E-commerce firms, as well as traditional firms, incur substantial costs in developing websites for a variety of business purposes. Treatment of these costs in financial reports has taken a number of approaches including:

  1. expensing costs;

  2. capitalising costs; and

  3. a mixture of expensing and capitalising.

4.2.2 Regulation

US accounting regulators issued EITF 00-2 in early 2000 followed in the UK by the issuance of UITF 29 in February 2001. Both pronouncements separate the costs of activities to create a website into categories as follows:

  • planning;

  • application and infrastructure stage;

  • design and graphics development; and

  • content development.

After the development of the website, costs will also be incurred to operate and maintain it. Each of the regulating bodies designates that costs incurred in the planning stage should be expensed on the current period income statement. Costs incurred in stages two through four should be capitalised (recorded as an asset) and then depreciated over the expected useful life. Capitalising of costs should occur when those costs are expected to bring economic benefits to future periods. The criteria established by UITF 29 state that this would be the case only if the website would be able to generate revenues directly (e.g. accept orders). The threshold in the US does not seem to be that restrictive as other websites might also provide future benefit without directly generating revenue (e.g. website for shipping company that allows shipments to be traced). Therefore, costs for activities two through four may also be charged to current income when the future benefits are uncertain or do not meet the regulatory guidelines. In both countries, subsequent costs to operate the website should be expensed in the current period.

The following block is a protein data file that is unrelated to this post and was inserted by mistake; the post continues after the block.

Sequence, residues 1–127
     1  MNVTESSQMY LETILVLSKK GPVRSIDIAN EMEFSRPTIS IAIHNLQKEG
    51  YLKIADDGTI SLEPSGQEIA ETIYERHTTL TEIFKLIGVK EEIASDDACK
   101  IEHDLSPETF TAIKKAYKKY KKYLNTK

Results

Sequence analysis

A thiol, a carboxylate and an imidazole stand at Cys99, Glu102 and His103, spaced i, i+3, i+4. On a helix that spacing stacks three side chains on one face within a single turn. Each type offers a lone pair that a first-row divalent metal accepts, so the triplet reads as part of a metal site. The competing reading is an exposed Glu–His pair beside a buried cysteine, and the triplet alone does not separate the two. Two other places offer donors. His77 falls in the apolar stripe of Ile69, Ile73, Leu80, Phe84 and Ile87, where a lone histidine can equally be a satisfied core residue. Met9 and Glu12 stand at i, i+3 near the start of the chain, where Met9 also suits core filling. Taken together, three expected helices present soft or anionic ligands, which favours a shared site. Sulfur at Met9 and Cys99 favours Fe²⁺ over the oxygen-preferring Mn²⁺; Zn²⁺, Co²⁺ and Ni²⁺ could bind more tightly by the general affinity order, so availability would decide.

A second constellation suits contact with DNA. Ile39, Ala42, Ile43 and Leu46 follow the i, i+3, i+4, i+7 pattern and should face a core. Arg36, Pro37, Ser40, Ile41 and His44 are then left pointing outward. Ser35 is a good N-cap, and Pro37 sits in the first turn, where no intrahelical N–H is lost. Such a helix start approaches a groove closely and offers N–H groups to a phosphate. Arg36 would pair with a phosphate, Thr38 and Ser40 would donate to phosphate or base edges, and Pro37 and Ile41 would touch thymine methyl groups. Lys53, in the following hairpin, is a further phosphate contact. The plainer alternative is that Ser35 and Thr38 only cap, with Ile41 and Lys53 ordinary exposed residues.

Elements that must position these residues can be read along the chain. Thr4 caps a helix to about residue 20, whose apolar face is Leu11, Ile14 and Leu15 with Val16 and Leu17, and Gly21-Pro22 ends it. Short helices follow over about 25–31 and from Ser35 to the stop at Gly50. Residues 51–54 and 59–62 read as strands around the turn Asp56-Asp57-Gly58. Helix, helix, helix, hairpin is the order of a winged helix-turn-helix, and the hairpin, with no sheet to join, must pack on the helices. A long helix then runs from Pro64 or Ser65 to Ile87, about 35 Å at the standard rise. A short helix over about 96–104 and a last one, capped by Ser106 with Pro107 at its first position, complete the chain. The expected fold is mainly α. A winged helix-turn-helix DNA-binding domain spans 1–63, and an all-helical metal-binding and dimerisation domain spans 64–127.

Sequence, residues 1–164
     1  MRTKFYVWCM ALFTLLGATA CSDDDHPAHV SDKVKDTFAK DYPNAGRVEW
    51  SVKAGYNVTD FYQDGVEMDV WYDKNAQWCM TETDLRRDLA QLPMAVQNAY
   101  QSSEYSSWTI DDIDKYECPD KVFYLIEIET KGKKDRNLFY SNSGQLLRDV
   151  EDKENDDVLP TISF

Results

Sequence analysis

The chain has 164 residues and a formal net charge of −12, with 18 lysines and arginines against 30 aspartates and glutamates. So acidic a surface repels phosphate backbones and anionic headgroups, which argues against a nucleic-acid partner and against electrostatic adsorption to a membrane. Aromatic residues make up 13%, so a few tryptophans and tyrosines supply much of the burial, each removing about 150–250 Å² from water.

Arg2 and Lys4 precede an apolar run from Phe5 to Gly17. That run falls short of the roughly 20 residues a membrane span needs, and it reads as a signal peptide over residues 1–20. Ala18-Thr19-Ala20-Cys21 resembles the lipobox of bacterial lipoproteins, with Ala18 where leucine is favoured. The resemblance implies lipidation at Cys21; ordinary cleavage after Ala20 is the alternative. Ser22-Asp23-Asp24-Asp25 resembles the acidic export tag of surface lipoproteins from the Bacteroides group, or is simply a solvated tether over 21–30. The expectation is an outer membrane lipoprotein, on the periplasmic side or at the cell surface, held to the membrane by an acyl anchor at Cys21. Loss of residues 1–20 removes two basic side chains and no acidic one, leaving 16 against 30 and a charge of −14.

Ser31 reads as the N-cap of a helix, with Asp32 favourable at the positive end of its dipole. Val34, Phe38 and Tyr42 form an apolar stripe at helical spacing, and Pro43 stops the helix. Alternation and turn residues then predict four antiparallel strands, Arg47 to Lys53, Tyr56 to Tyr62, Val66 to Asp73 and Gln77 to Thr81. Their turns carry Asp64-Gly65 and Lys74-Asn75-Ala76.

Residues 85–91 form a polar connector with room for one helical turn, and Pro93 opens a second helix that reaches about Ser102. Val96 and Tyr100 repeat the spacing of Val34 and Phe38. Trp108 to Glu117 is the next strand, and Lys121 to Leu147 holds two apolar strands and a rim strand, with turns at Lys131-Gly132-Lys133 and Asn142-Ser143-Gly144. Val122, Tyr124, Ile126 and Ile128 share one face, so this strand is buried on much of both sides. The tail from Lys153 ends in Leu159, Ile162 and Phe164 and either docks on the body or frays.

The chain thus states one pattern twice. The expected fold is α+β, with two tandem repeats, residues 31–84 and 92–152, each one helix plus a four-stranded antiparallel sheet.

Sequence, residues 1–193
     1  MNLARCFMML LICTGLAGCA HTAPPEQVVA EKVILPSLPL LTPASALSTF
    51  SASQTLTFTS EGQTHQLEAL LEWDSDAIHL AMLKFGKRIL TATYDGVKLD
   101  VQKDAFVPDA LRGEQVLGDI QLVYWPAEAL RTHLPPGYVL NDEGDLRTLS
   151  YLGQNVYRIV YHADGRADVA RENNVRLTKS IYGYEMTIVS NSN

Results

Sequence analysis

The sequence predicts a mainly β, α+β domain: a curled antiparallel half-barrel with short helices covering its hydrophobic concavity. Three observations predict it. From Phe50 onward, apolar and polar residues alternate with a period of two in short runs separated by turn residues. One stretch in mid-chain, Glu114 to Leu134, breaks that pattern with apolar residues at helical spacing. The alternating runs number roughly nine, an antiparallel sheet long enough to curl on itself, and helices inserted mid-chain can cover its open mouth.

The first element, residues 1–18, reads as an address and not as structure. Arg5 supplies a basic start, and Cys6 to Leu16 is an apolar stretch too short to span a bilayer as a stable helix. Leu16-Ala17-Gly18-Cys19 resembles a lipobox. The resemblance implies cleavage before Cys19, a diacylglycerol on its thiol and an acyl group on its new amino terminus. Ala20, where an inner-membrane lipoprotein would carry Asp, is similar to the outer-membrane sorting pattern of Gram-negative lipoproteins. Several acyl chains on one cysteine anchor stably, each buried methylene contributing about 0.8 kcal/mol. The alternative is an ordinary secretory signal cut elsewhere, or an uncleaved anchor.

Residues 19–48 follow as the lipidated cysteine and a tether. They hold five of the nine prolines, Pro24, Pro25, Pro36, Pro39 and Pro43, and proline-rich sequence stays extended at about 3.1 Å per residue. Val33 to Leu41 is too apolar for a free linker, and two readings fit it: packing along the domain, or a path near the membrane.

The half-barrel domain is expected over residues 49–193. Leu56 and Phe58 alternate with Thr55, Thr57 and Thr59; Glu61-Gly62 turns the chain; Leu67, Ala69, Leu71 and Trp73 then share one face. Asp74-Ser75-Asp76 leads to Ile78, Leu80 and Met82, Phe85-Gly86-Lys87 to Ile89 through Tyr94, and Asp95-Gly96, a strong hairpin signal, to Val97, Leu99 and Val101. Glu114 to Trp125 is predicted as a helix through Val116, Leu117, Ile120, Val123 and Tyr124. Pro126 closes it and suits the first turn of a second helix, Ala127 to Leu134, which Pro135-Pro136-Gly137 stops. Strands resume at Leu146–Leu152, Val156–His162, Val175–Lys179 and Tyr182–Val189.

5. Conclusion

The Internet dazzle hides many serious problems. Therefore, many dot-com organizations are facing serious problems. Paul (2001) reported that sixty-seven percent of Americans believe that dot-com problems are caused by irrational exuberance and the search for fast cash and fifty-six percent believe it is a result of poor business plans. Fast cash can mean many things but it may have led investors to overlook some red flags (Blakeley, 2001) that may arise in dot-com organizations: failure to pay according to invoice, excess cash burn rate, dim prospects for near term profits, etc. With the constant changes and advancements in information technology (i.e., the Internet) (Koss, 2001) comes a need for new policies.

Many new accounting regulations have been established to govern Internet-based companies. The regulations outlined in this paper cover reporting of revenue (barter transactions, gross or net revenues, promotions and giveaways, and timing of revenue), and costs and expenses (fulfilment costs and website development costs). Each of these regulations has a direct bearing on Internet companies and e-commerce.

Throughout the e-commerce era, some Internet companies have been following the traditional accounting practices so the previously outlined regulations will not substantially change their reported revenues. However, those companies may have been disadvantaged by others using questionable accounting practices to boost revenues. Clearly, they were not on a level playing field. Once all Internet organizations have their financial reporting standardized, how will e-commerce change? Since Internet-based companies need investors and attract investors through showing revenue in the short-term, what will happen to these companies once they must show 'true' revenue amounts?

Dot-com organizations will suffer the most. They have no traditional store front to back them when their revenues slump and their profits are still zero. Their stock prices will drop due to the lower revenues being generated, and ultimately, they will lose investors. So the question becomes, what is the future of dot-coms? Will the new accounting regulations be the 'death' of them? Only those companies that have strong financial results and a large number of sales can continue to attract capital. Weak results can no longer be camouflaged with accounting treatments.